(CNN) — Eating more ultraprocessed foods is linked to a higher risk of cognitive decline and stroke, even if a person is trying to adhere to a Mediterranean diet, the DASH diet or the MIND diet, a new study found.

All three diets are plant-based, focused on consuming more fruits and vegetables, whole grains, beans and seeds while limiting sugar, red meat and ultraprocessed foods.

“If you increased your ultraprocessed food intake by 10% in the study, it increased your risk of cognitive impairment by 16%,” said cardiologist Dr. Andrew Freeman, director of cardiovascular prevention and wellness at National Jewish Health in Denver. He was not involved in the study.

“You can always extrapolate and say, ‘Well, if someone increases their ultraprocessed food consumption by 100%, then they have 160% chance of cognitive impairment,’” he said. “Of course, this study can only show an association, not a direct cause and effect.”

On the flip side, eating more unprocessed or minimally processed foods was linked with a 12% lower risk of cognitive impairment, according to the study published Wednesday in the journal Neurology.

Unprocessed foods include fresh fruits and vegetables, eggs and milk. Minimally processed foods include culinary ingredients such as salt, herbs and oils and foods such as canned goods and frozen vegetables that combine culinary ingredients with unprocessed foods.

Ultraprocessed foods include prepackaged soups, sauces, frozen pizza, ready-to-eat meals and pleasure foods such as hot dogs, sausages, French fries, sodas, store-bought cookies, cakes, candies, doughnuts, ice cream and many more.

Such foods are typically high in calories, added sugar and salt and low in fiber, all of which can contribute to cardiometabolic health problems, weight gain, obesity, type 2 diabetes and high blood pressure, experts say.

An increased risk of stroke

The study analyzed data on 30,000 people participating in the REGARD, or REasons for Geographic and Racial Differences in Stroke study, made up of 50% Whites and 50% Blacks in a nationally diverse group of people who have been followed for up to 20 years.

The risk of stroke was 8% higher for people who added the most ultraprocessed foods to their diet as compared with those who ate minimally processed foods, said study author and neurologist Dr. W. Taylor Kimberly, chief of the division of neurocritical care at Massachusetts General Hospital in Boston.

That risk rose to 15% for Black participants, likely due to the impact of ultraprocessed foods on high blood pressure in that population, Kimberly said. However, if a person ate more unprocessed or minimally processed foods, the risk of stroke dropped by 9%, the study found.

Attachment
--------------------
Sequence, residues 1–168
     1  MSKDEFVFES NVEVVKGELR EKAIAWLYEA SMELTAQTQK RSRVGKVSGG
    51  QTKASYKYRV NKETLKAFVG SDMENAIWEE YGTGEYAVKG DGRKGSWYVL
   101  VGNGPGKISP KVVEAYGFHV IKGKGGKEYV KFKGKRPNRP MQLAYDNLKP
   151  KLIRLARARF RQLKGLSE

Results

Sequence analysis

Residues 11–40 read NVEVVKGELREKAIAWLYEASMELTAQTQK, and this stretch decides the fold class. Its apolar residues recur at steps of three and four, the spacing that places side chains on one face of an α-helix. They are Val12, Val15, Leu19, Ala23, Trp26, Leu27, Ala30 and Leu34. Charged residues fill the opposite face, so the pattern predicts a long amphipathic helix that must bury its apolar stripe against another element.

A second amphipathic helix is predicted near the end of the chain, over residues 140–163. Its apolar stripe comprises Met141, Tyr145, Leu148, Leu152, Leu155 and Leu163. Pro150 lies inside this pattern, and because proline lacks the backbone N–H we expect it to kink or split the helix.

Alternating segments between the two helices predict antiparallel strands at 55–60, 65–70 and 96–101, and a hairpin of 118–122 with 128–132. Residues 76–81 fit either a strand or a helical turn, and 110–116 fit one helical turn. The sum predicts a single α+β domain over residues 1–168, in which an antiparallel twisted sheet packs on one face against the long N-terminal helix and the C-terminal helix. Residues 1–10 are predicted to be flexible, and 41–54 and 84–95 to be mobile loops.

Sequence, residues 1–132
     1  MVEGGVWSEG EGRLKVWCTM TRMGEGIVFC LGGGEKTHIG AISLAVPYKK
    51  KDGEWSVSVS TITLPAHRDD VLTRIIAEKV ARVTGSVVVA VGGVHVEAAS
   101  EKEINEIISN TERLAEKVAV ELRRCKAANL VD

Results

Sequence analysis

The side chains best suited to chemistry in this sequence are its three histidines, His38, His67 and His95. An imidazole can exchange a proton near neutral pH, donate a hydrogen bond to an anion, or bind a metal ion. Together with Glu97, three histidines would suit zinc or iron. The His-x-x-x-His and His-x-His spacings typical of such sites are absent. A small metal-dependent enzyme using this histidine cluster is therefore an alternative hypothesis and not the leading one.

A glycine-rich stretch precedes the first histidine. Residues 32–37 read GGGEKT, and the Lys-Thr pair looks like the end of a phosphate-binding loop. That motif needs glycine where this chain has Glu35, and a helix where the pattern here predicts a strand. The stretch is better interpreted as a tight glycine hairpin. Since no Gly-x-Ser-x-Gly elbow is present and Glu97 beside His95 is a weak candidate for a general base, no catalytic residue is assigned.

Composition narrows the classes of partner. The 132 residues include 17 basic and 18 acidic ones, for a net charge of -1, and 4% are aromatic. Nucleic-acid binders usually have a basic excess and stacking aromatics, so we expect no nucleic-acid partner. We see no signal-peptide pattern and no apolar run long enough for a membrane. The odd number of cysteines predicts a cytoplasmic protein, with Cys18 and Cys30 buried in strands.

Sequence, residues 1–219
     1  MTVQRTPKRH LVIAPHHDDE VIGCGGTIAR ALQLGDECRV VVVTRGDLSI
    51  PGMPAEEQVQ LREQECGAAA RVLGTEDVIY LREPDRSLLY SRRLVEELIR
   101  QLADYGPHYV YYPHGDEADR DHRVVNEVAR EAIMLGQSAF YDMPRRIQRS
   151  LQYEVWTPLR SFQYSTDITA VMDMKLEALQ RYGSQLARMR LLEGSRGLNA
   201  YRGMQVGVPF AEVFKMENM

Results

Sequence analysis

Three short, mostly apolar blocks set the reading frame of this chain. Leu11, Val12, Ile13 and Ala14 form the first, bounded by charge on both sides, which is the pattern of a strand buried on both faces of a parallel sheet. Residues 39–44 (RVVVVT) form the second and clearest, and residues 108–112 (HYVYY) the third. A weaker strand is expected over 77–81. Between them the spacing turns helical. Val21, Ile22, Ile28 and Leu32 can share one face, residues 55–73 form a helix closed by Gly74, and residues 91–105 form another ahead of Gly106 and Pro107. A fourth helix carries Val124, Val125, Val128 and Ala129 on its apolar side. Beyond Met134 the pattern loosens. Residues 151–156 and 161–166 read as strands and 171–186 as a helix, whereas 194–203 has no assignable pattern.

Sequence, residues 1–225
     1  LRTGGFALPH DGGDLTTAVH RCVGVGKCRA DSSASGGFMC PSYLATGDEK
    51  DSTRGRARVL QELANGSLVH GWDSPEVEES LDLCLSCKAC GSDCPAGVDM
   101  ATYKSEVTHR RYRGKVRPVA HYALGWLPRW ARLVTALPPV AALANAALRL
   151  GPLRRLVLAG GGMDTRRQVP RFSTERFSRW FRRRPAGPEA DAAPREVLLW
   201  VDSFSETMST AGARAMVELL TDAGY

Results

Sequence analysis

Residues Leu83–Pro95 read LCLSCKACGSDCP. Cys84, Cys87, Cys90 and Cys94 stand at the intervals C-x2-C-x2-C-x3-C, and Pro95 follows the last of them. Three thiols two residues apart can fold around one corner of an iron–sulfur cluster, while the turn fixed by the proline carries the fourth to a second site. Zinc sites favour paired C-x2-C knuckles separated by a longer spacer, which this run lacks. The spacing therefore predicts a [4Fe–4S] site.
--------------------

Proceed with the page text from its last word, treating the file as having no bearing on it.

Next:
What is it about ultraprocessed foods that may allow them to sabotage efforts to follow a healthy diet? It could be their poor nutrient composition and tendency to spike blood sugars, which can lead to type 2 diabetes, obesity, elevated blood pressure and high cholesterol, said Peipei Gao and Zhendong Mei in an editorial published with the study.

Mei is a research fellow in medicine at Brigham and Women’s Hospital in Boston, while Gao is a graduate student in nutrition visiting Harvard T.H. Chan School of Public Health, also in Boston. Neither was involved in the study.

Type 2 diabetes, obesity, elevated blood pressure and high cholesterol are all key risk factors for vascular disease in the heart and brain, they wrote.

The impact on blood vessels that leads to stroke and cognitive decline may also be due “to the presence of additives including emulsifiers, colorants, sweeteners, and nitrates/nitrites, which have been associated with disruptions in the gut microbial ecosystem and inflammation,” they added.

Growing dangers of ultraprocessed foods

Studies on the dangers of eating ultraprocessed foods are piling up. According to a February review of 45 meta-analyses on almost 10 million people, eating 10% more ultraprocessed foods raised the risk of developing or dying from dozens of adverse health conditions.

That 10% increase was considered “baseline,” and adding even more ultraprocessed foods might increase the risk, experts say.

There was strong evidence that a higher intake of ultraprocessed foods was associated with about a 50% higher risk of cardiovascular disease-related death and common mental disorders, according to the review.

Researchers also found highly suggestive evidence that eating more ultraprocessed foods raised the risk of obesity by 55%, sleep disorders by 41%, development of type 2 diabetes by 40% and the risk of depression by 20%.

“We really need to put a sign in the ultraprocessed food section, or on the packaging like they do on cigarettes, saying, ‘Warning, this food may be detrimental to your health,’” Freeman said.

“What we think of as ‘convenient food’ really needs to change from a package of chips to an apple or carrot that is also shelf-stable and can travel in your purse or backpack,” he said. “And we need to make that kind of stuff more readily available, especially to our kids and in food deserts where often all the available food is ultraprocessed.”